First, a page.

Labor unions got an early Christmas present from the National Labor Relations Board: access to non-union workers' email addresses and phone numbers.
The NLRB earlier this month issued new rules for how and when union organizing elections can take place within workplaces. Under the new rules, unions will have access to employees' private information as they make their sales pitch, and employers will have less time to respond to workers' demands before a unionization election can take place.
Geoff Burr, vice president of the Associated Builders and Contractors Inc., a national trade association for non-union construction companies, said the new rules "will lead to the unsolicited distribution of employees' personal contact information."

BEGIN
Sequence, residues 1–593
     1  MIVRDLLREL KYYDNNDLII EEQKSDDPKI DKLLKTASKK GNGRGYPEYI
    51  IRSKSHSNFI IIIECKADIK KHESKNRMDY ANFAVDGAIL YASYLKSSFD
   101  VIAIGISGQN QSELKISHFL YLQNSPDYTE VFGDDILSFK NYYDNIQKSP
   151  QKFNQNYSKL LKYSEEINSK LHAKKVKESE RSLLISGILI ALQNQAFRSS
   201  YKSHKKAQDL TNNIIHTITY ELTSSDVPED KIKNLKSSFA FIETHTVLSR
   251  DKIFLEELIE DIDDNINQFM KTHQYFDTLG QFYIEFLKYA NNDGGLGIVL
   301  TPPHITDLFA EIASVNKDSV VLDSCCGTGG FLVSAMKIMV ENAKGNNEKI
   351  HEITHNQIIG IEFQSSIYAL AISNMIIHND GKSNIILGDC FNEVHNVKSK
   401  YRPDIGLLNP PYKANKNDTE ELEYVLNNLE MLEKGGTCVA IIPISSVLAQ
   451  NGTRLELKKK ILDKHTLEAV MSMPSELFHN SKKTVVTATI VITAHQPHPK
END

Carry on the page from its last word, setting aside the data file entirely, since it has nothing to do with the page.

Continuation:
The NLRB says the changes are meant to streamline the process of holding elections and stop employers from stalling. Opponents of the changes say they will unfairly give unions an upper-hand in convincing workers to unionize.
"Simplifying and streamlining the process will result in improvements for all parties," NLRB chairman Mark Pearce said in a statement announcing the new rules. "With these changes, the Board strives to ensure that its representation process remains a model of fairness and efficiency for all."